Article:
By Liam Lacey
The Argentinian director Lucrecia Martel has made just four feature films since 2001, all wry, dreamlike tales of wayward impulses and emotional bafflement. Her new film, Zama, which is both confounding and brilliant, reaffirms her status on the shortlist of essential art-house filmmakers of the new millennium.
Martel's first three films were about women, centred around the conservative middle-class milieu in the Salta Province, in northwest Argentina, and were full of sexual and class tensions and foreboding. Her first feature, 2001’s La Ciénaga (The Swamp) explored two families in a crumbling vacation home dealing with heat, rain, alcoholism, accidents, claustrophobia and spiritual malaise. Martel's second film, the Holy Girl, had more sweltering heat, pools of water and a 14-year-old religious heroine, who sets out to save a man, even if it ruins him. Her third, the Headless Woman (2011) was stranger still, putting the viewer in the perspective of an amnesiac woman who thinks she may have killed someone and herself feels like a ghost.
Now, nine years later, we have Zama, which is completely different — it’s set in the 18th century with a male lead and in another country — but entirely familiar in its mood of anxious stasis. Martel adapted the story from a brilliant 1956 novel by her countryman, Antonio Di Benedetto, a first-person story told by Don Diego de Zama, a minor military magistrate, who is separated from his wife and family, stranded in a Latin American colonial backwater. Di Benedetto’s book, translated into English only two years ago, channels Kafka and Dostoevsky in a narrative full of guilt, persecutions and feverish impulses, in a world of political and social malaise.
In the novel, Zama regularly goes to the riverside looking for the boat that will bring a letter from his wife or news of a transfer. We follow him as he tries petty cases, fruitlessly pursues an affair with a married woman, and waits for the transfer. When he finally despairs of ever receiving the letter from the king that will liberate him, Zama joins a posse in pursuit of a notorious bandit and his gang.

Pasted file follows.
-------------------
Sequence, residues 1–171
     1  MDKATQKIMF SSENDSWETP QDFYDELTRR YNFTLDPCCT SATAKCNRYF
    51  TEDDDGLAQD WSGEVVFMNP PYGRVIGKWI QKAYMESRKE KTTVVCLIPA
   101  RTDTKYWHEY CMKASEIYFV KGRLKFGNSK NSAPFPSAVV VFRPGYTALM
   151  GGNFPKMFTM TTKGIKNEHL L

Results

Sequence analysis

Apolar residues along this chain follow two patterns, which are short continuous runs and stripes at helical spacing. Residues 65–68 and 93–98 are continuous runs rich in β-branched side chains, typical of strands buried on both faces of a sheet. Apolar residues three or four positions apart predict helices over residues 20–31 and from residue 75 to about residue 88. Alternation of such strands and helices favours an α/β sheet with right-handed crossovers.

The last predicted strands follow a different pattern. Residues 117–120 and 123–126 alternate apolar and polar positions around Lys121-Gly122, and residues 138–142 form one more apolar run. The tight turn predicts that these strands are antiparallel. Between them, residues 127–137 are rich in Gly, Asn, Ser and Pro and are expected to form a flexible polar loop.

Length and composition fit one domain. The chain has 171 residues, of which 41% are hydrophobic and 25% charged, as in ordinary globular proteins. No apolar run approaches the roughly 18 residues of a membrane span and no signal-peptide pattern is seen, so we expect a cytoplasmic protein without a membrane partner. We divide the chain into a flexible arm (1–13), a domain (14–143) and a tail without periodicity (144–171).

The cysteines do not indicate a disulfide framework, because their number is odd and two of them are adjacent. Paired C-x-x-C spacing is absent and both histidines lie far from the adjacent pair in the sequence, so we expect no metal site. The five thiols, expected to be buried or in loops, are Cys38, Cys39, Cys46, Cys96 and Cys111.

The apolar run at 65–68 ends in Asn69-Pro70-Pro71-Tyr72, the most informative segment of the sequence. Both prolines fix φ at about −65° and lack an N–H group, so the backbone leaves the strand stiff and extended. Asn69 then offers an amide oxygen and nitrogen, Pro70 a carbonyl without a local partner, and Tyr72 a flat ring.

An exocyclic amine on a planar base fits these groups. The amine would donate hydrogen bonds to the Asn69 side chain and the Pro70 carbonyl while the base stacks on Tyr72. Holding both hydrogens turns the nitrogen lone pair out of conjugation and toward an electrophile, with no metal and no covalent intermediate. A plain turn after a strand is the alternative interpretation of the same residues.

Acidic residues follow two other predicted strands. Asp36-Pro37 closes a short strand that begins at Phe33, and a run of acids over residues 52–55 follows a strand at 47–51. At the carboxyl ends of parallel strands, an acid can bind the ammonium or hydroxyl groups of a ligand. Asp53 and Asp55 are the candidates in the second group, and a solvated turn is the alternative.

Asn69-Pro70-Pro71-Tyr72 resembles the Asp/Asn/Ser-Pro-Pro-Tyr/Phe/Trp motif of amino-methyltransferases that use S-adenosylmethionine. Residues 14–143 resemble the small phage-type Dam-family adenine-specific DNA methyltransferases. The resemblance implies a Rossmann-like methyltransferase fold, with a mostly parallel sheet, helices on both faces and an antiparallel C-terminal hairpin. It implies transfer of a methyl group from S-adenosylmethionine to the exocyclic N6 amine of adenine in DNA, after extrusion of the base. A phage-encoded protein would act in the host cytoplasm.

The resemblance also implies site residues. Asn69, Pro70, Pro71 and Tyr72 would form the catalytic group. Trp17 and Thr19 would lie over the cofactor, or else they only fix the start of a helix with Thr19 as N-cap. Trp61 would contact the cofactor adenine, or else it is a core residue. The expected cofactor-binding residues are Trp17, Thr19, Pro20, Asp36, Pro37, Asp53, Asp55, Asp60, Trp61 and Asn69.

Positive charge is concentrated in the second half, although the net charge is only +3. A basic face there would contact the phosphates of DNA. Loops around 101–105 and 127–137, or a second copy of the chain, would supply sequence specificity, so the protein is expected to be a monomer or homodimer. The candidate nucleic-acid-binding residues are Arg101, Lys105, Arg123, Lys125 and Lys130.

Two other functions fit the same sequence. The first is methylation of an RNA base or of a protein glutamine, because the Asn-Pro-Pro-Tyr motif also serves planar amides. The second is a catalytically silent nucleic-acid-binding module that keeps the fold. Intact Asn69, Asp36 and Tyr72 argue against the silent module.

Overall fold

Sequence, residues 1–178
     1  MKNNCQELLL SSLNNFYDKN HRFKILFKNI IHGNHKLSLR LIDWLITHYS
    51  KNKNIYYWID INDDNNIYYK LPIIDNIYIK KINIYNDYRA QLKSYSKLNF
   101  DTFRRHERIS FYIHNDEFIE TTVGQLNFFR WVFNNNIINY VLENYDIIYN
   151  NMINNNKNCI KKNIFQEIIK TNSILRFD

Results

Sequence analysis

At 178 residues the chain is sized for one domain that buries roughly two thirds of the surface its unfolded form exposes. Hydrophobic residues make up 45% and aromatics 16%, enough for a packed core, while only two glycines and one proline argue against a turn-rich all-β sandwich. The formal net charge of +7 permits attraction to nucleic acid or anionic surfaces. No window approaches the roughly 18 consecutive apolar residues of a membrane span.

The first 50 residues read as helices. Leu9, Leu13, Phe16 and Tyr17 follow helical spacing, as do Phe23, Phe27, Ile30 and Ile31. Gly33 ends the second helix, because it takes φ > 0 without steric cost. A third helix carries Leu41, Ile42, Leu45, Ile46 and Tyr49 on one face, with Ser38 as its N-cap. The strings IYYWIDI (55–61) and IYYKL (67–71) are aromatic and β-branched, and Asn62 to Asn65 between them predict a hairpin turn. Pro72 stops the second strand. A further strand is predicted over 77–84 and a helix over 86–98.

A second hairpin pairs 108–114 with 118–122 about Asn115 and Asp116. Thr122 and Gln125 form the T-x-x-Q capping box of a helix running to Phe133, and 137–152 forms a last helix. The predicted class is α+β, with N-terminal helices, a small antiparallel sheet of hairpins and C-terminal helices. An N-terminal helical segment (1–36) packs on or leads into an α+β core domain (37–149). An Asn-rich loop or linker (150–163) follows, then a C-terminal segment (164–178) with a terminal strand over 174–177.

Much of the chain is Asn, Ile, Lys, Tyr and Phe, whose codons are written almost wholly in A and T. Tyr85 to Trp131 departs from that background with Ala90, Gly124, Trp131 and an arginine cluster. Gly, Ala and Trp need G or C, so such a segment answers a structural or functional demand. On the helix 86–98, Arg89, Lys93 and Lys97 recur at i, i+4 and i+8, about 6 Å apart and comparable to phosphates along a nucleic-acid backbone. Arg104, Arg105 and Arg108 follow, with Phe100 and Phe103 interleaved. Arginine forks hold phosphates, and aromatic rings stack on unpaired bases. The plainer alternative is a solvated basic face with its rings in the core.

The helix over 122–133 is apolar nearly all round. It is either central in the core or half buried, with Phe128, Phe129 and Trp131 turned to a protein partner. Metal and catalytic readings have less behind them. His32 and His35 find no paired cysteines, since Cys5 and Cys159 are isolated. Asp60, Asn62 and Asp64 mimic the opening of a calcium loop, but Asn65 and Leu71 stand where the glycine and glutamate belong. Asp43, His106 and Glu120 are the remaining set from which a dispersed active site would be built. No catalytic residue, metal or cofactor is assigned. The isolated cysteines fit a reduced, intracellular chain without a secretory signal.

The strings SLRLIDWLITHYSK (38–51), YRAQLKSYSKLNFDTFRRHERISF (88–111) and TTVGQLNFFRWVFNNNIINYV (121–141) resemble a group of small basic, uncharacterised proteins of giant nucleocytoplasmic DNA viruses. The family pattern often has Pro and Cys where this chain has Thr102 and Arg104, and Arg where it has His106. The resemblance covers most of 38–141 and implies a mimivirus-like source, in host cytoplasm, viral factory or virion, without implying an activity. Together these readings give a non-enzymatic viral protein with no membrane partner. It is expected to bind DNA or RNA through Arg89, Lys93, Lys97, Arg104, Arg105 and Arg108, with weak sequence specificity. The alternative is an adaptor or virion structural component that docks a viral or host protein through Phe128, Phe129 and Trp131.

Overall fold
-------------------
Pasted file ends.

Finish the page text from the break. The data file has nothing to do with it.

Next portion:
Martel has taken most of the incidents of the novel directly, with some telling differences. We’re more aware of the indigenous people and black servants and slaves that silently watch the rituals and conflicts of the periwigged Spanish colonials. She has also stripped out what might be called “cinematic” opportunities — a horse race at a fiesta, for example — focusing on close-focus, intimate, awkward personal encounters.
In one of the many affronts to his dignity, Zama — as someone born in the New World — is an Americano, lower in status than any Spanish-born colonist and thus last on the list for prime postings. A new governor bumps him from his comfortable residence to a worse one. The married noblewoman he pursues (Lola Dueñas), flirts with him and then declares she finds men’s lust disgusting. The court cases he adjudicates range from distasteful to grotesque: To bury the body of a cholera victim merchant (incorrectly called an “Oriental” in the film’s subtitles though the correct word should be “Easterner;” he’s from Uruguay) and sell off his shipment of brandy. Or, to compensate a Spanish family with 60 “tame” Indian slaves, after they killed the local untamed Indians.
As the middle-aged title character, actor Daniel Giménez Cacho is a Buster Keaton-like figure, with a wonderful a poker-faced dignity, typically at odds with his absurd circumstances. (In one scene, when he is making an important plea to the governor, a nonchalant llama walks into the room and stares over his shoulder.) Everywhere he goes, he’s a man out of place.
While the elaborate costumes and tawny backdrops evoke the wry country scenes of the Spanish painter Goya, Martel signals that sense of dislocation musically, employing a combination of jaunty Argentinian guitar music from the 1940s and whining electronic drones.
In its final third, Zama, out in the jungle and river edge, slips into an ecstasy of madness. Resigned to the fact that he may never see his transfer unless he does something heroic, Zama joins a posse after a bandit (Vicuna Porto) who is blamed for every evil that befalls the settlement. These episodes are hallucinogenic: A tribe of blind natives walk through the sleeping soldiers at night. The Spaniards are taken by natives, who wear animal head costumes, who strip their clothes and paint them orange. At one point, the bandit, a puckish figure (Matheus Nachtergaele) dressed in disguise and joins the posse that is out to capture him. He protests to Zama that his evil reputation is exaggerated, and he is no more a villain than Zama is a judge, though, of course, Vicuna is a liar. Zama, a fool who would be a hero, is possessed by a touching obstinancy but judgement is definitely not his strong point.
Zama. Written and directed by Lucretia Martel, adapted from the novel by Antonio di Benedetto. Starring Daniel Giménez Cacho, Lola Dueñas, and Matheus Nachtergaele. Opens April 20 at Toronto’s TIFF Bell Lightbox.